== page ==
I’ve been unable to perform my previous job, which requires standing for a large portion of the day, so I have lost that as well. I can only hope I can find a light at the end of the tunnel

  12. I fractured my front pelvic bone about 4 weeks ago. I want to cry every day. I sometimes wait till I’m alone and just howl. I used to be such an upbeat person, I don’t understand these feelings.

  13. I suffered a closed displaced Trimalleolar fracture of the right ankle in early May of this year. Just passed week 8 post surgery and my trauma surgeon gave me the clearance to start walking, PT. I still have moments when I think about my fall and holding my broken ankle in place for 2 hours in the ER, even dream about it. I have never felt anxious before in my life but I am paranoid about falling and breaking another bone again. I’m glad I read everyone’s experiences and know I’m not going crazy.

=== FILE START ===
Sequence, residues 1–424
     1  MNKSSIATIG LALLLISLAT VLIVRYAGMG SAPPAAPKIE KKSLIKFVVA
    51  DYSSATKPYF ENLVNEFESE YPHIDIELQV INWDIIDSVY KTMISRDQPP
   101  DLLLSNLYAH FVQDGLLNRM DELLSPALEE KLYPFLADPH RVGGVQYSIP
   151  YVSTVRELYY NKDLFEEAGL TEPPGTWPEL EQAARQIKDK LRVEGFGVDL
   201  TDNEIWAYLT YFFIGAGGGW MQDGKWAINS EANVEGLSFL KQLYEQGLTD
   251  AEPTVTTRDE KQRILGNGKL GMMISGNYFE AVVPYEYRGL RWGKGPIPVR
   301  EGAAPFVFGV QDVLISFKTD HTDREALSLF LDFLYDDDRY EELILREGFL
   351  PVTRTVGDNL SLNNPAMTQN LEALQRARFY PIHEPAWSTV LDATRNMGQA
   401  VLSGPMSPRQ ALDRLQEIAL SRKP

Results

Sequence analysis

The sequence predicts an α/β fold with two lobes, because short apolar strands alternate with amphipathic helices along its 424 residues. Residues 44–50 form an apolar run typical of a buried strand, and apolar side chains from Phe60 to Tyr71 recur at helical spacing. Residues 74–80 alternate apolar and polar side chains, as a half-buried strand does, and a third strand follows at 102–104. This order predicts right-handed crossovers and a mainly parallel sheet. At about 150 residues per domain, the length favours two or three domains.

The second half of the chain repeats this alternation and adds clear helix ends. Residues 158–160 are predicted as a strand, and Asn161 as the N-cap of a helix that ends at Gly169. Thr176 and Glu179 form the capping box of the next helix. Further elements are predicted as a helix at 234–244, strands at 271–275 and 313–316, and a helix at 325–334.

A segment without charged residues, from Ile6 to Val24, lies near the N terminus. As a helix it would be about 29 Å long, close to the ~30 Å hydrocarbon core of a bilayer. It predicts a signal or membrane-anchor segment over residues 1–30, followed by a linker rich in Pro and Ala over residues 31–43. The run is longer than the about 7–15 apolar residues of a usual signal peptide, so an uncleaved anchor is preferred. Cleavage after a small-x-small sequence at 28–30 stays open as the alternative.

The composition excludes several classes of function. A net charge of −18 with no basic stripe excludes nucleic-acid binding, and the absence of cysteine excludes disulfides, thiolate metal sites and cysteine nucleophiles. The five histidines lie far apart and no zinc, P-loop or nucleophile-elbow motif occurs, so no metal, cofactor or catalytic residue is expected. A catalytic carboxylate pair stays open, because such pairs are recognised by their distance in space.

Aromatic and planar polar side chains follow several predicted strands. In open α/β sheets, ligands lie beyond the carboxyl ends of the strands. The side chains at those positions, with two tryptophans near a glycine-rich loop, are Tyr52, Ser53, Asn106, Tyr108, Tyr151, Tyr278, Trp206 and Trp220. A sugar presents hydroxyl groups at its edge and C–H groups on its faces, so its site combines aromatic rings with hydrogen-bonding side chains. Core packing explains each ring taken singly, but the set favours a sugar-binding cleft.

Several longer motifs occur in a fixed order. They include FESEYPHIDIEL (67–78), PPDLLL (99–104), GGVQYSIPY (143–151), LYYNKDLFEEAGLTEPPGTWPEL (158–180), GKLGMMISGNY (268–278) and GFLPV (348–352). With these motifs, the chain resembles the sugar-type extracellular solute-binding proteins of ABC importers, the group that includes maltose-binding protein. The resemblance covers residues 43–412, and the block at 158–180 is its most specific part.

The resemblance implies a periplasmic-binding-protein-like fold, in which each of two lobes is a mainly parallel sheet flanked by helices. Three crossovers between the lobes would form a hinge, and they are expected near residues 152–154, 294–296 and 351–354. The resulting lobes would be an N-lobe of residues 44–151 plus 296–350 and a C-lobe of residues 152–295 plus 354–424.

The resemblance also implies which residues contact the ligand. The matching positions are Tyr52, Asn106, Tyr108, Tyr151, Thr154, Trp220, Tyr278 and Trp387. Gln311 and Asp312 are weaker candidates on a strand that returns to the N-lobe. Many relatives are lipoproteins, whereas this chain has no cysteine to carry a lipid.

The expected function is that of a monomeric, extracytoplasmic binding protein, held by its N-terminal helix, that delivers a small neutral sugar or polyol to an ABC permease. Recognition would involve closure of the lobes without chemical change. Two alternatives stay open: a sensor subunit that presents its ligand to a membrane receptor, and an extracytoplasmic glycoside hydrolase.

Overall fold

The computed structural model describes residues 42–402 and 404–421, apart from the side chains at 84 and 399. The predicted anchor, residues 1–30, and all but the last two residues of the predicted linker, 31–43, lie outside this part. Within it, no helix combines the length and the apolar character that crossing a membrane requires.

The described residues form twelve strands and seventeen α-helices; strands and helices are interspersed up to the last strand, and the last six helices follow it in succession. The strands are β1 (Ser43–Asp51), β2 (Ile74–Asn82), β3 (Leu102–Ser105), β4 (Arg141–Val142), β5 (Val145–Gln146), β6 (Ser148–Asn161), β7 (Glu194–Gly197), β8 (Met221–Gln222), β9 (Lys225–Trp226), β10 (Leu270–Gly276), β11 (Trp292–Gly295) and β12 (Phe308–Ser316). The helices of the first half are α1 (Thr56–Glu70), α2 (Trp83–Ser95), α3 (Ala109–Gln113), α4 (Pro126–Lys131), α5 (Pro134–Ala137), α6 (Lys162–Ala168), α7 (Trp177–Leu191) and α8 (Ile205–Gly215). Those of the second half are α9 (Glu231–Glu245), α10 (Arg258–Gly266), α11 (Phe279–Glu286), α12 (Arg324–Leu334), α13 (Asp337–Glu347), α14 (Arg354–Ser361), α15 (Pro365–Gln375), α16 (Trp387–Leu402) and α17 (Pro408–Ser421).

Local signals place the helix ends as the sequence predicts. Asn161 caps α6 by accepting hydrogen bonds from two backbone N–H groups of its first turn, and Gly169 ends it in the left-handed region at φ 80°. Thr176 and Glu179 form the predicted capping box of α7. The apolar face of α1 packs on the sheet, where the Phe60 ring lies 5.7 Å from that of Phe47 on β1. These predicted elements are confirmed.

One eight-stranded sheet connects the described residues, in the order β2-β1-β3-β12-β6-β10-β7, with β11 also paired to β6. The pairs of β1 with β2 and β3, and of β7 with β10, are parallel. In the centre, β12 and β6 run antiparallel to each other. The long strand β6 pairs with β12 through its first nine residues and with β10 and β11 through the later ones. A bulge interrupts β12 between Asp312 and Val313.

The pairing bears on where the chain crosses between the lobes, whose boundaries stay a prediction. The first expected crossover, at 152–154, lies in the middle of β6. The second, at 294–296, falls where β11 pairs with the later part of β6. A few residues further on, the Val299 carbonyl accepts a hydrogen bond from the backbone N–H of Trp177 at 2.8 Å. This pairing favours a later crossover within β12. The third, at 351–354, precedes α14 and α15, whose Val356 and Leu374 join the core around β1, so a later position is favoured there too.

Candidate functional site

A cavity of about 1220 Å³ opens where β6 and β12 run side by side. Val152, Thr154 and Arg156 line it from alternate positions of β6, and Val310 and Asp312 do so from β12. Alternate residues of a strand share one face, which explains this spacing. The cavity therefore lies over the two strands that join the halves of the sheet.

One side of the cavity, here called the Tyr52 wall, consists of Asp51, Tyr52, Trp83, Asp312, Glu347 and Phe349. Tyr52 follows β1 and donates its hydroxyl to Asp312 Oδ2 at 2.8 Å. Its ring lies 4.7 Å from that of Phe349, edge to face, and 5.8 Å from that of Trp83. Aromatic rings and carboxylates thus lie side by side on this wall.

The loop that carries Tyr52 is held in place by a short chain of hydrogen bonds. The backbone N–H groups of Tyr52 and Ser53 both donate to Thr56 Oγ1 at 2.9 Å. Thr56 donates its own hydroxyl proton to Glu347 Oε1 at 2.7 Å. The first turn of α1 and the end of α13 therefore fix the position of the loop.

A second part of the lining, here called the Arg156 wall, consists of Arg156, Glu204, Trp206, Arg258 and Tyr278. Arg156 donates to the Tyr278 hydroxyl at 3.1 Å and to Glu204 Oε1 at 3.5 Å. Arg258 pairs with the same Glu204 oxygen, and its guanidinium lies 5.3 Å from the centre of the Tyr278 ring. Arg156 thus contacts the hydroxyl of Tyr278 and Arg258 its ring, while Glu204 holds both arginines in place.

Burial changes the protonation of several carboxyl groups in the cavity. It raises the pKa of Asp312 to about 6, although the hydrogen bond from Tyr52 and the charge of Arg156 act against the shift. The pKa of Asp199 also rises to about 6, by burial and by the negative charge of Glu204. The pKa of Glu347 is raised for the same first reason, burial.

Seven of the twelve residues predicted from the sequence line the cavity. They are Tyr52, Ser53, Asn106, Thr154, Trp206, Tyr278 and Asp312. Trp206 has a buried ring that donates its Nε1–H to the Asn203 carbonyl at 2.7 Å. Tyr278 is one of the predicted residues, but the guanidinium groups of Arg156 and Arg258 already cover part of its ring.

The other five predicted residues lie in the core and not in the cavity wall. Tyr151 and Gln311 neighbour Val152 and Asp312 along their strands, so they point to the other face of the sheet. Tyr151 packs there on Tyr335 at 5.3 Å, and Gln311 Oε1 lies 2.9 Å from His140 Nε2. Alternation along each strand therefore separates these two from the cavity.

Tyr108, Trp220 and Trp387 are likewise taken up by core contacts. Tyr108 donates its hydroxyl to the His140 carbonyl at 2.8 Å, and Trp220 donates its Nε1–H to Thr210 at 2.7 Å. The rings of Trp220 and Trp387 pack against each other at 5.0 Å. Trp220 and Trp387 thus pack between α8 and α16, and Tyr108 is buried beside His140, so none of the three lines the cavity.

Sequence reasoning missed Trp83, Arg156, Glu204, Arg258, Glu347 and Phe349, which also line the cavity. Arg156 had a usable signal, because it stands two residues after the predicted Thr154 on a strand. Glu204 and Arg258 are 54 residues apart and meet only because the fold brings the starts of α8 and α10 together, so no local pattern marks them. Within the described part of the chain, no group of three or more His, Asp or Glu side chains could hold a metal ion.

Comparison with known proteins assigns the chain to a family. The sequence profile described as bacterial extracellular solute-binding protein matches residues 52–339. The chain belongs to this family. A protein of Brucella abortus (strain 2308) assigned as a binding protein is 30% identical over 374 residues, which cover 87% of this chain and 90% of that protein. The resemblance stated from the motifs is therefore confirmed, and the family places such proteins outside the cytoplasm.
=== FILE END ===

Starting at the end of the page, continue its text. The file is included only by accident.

14. I moved from Dallas to Philly, and found a great job working at the Post Office. I broke my fibula on my second day of training delivering mail. It created a snowball effect because I lost my job (you can be fired for anything within your first 90 days) and I’m out of work for at least 6 weeks. It happened at work so luckily im compensated for it but I will need to find a job so I can keep up with bills. I just moved here so the only thing I have in my apartment is a air mattress. I’m a very active person so sitting here really hurts my mental. Knowing that I could’ve been at work really hurts my mental. Not being mobile in a brand new city and not knowing anyone is something I just can’t explain. I can’t believe this is my life right now